Saudi Arabia bans prayers at mosques over coronavirus fears
Move will also include weekly Friday prayers in a country that has reported more than 270 coronavirus cases.
Saudi Arabia has suspended the holding of daily prayers and the weekly Friday prayers inside and outside the walls of the two mosques in Mecca and Medina to limit the spread of coronavirus.
Earlier, on Tuesday, Saudi Arabia had suspended congregational prayers in other mosques in the country except Masjid al-Haram and Masjid an-Nabawi, in Mecca and Medina respectively.
Authorities had placed restrictions on praying inside the mosque in Mecca. On Thursday, the government suspended prayers outside the two holy mosques.
“The Presidency and the security and health authorities decided to suspend the presence and prayers in the outer squares of the Grand Mosque [Masjid al-Haram] and the Prophet’s Mosque [Masjid al-Nabawi] starting tomorrow, Friday,” the country’s official SPA news agency quoted Hani bin Hosni Haider, a spokesman for the General Presidency of Mecca’s Grand Mosque and the Prophet’s Mosque in Medina, as saying.
Masjid An Nabawi gates are closed to prevent worshippers from entering as per new information released by the authorities which only authorised very few people to enter the Masjid Compound. pic.twitter.com/6Dvoi0tAUc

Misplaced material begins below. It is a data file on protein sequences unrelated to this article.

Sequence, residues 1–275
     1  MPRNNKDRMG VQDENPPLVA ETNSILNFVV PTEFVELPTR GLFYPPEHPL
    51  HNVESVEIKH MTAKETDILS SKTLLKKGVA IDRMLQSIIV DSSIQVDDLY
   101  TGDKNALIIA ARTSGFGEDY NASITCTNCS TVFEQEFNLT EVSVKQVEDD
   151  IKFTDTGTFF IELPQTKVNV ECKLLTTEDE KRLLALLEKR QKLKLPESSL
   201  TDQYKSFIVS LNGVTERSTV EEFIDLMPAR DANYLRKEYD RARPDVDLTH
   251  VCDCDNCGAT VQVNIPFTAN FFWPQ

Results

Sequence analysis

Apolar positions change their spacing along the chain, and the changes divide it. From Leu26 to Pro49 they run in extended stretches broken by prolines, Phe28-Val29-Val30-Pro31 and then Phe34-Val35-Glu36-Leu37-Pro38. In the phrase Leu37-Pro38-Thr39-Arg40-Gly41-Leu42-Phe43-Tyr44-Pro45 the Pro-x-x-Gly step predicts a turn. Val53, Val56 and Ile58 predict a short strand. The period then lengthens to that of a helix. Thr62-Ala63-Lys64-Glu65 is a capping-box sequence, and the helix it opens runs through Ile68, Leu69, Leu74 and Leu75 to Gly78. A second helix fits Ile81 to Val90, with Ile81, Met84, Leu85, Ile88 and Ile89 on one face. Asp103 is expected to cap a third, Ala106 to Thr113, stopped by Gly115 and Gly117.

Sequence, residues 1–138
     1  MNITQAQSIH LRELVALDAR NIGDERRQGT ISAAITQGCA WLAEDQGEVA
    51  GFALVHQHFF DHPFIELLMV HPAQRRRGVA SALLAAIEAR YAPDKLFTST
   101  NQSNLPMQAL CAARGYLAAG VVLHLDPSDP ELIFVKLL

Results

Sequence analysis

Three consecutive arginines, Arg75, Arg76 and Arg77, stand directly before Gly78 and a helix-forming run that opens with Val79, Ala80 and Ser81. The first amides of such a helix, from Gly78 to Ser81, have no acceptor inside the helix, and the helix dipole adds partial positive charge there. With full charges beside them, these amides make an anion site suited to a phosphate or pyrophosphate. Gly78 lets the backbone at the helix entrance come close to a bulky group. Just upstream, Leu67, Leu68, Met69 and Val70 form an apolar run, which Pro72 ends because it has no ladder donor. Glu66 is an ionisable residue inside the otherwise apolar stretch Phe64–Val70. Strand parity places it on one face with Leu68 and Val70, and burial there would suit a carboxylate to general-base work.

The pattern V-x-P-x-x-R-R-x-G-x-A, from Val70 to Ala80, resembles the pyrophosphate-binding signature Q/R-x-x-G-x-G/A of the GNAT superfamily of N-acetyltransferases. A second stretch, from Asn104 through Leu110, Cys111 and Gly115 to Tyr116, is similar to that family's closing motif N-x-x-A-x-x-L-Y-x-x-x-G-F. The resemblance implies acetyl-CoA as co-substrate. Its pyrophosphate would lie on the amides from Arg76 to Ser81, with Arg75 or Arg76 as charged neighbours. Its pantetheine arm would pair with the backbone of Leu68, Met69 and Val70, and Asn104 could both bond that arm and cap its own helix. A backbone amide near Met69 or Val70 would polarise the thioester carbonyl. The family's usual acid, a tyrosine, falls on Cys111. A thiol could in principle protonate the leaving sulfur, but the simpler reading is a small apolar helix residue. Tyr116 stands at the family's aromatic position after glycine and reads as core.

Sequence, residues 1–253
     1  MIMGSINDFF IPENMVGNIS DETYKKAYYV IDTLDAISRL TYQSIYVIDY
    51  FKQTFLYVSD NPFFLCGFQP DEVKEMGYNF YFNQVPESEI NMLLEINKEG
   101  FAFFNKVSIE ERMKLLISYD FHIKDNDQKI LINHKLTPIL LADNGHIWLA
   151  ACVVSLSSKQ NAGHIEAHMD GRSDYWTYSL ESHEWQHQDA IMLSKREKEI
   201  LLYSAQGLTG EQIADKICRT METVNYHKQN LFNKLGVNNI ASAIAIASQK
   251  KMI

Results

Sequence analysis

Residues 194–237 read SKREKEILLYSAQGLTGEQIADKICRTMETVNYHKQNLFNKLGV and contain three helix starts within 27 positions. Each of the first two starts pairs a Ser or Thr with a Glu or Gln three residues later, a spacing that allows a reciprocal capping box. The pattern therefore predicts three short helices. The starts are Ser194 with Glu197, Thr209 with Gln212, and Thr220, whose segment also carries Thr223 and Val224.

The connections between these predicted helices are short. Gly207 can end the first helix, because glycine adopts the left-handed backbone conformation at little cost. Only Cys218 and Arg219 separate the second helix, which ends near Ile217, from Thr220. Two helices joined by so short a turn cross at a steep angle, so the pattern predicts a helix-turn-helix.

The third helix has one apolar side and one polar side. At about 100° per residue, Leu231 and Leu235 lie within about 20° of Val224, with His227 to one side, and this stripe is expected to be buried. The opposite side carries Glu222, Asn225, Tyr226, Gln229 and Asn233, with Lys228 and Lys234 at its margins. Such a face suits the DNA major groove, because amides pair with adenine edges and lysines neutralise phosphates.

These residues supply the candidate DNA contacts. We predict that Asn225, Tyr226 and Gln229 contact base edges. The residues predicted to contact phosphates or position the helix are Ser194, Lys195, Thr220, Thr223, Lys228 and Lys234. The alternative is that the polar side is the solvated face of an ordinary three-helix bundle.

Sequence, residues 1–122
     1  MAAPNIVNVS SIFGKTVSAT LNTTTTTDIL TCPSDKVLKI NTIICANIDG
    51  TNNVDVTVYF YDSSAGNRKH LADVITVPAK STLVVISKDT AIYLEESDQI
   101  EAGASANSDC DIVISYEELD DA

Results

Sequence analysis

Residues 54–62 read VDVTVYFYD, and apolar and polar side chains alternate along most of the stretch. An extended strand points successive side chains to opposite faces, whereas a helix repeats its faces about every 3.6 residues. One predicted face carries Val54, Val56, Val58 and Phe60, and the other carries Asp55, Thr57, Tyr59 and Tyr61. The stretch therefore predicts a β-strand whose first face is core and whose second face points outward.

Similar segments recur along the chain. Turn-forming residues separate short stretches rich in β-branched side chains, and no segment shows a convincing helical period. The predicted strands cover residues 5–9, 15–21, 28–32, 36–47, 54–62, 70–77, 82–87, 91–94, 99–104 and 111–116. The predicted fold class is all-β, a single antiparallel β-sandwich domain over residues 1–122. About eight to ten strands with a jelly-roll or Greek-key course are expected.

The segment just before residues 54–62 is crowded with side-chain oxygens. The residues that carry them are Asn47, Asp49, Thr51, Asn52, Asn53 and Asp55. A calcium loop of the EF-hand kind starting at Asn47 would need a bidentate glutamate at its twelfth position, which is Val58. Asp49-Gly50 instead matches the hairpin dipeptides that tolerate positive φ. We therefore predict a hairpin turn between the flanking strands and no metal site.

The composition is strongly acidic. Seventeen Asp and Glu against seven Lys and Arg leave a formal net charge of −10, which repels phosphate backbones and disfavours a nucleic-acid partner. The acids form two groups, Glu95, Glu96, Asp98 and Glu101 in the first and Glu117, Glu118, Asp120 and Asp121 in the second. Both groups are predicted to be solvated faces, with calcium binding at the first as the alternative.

— 𝗛𝗮𝗿𝗮𝗺𝗮𝗶𝗻 (@HaramainInfo) March 19, 2020
Saudi Arabia recorded 36 new infections on Thursday, bringing its total to 274 with no deaths so far.
It has taken drastic measures already. In addition to closing mosques, it has halted international flights, suspended the Umrah year-round pilgrimage to Mecca, shut down schools, malls and restaurants, and asked people to stop going to work.
Meanwhile, Saudi Arabia’s King Salman said the kingdom will take measures to curb its spread and urged citizens to work together to confront the pandemic.
“We are living through a difficult period in the history of the world, but we are fully aware that it will pass despite its cruelty, bitterness and difficulty,” the 84-year-old monarch said on Thursday in a five-minute televised address.
Amid volatility in regional markets and plunging oil prices, the world’s top crude exporter has prepared a 50 billion riyal ($13bn) package to help small and medium-sized enterprises cope, and has cut its state budget by nearly five percent.